Field Notes

Unique Aquatic Plants (Duckweed, Water-meal, Common Bladderwort)

August 16, 2019

This year at Arcadia Marsh, the water levels are at near record highs, which makes viewing aquatic plant life much easier! Interesting native plant species that are abundant and visible this time of year are two of the world’s smallest flowering plants, Wolffia species and Lemna species, or Water meal and Duckweed, respectively, as well as a carnivorous aquatic plant, Common Bladderwort, Utricularia vulgaris.

Common Bladderwort is a rootless aquatic plant with bright yellow flowers. If the bright yellow flowers aren’t present, it is often mistaken for a non-native invasive plant called Eurasian water-milfoil. The difference between the two is that bladderwort species have divided leaves and small “bladders” on the leaves. Bladderwort species are found around the globe, and are considered the “fastest” plant on earth because of their ability to quickly trap and digest organisms in small bladder-like leaf appendages underwater. By consuming tiny insects and other microscopic aquatic organisms, bladderworts are able to obtain valuable nutrients.

Of the other two small plants floating directly on the water surface, Duckweed is much more easily visible, and is about 1/16 to ⅛ inch in size. Duckweed is very common on slow moving waters, while Wolffia or Water-meal is much smaller (about 0.5 mm in size in comparison) and less common. Because of their small size, both of these species can often be confused for algae as the grow so closely together in large mats.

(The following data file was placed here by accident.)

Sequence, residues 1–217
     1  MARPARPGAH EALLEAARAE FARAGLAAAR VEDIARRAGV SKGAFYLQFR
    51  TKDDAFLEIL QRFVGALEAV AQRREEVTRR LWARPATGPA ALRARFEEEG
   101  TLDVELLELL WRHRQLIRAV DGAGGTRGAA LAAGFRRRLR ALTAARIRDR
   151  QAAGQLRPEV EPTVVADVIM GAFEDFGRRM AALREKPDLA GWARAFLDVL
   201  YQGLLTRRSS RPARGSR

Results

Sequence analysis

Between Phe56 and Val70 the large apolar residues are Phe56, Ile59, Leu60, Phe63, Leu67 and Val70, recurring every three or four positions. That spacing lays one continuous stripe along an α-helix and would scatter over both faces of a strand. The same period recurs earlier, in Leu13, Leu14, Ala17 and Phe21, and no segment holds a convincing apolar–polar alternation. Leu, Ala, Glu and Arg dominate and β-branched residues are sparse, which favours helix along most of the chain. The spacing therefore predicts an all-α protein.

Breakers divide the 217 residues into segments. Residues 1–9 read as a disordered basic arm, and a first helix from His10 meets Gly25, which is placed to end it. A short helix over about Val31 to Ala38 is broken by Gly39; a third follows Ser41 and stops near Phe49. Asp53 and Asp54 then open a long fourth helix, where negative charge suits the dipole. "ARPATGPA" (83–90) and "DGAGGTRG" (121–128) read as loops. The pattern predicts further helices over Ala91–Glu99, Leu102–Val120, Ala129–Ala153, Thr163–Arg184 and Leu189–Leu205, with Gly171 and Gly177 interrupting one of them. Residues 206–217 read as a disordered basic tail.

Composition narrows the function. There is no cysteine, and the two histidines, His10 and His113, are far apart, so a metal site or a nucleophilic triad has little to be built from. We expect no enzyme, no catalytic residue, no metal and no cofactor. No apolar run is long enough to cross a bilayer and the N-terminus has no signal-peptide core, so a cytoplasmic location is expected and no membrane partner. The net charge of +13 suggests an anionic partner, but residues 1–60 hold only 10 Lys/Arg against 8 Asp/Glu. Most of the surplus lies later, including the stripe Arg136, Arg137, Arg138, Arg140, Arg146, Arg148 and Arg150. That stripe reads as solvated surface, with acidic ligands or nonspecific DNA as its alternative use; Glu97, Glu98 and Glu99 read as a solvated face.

Although some find these little plants to be unsightly, the good news is that by growing thickly on the surface of the water, they shade out the sun which prevents the growth of algae, which deplete oxygen. In this way these plants actually help keep the water higher in dissolved oxygen. Additionally, each of these species provides excellent habitat for many tiny insects that are eaten by a variety of fish species, and the plants themselves are an important food source for many species of fish, amphibians, andwaterfowl. They both grow more prolifically when there are excess nutrients in the water, including nitrogen and phosphorous in the water, so reducing fertilizer on lawns near waterways helps keep aquatic vegetation of all kinds in check.

A rather uncommon relative of duckweed is “Star Duckweed” or Lemna trisulca, which grows beneath the water surface. According to records maintained by the University of Michigan, it hasn’t been documented in Manistee County since 1916, so it is a very good sign to see it doing so well at the marsh!



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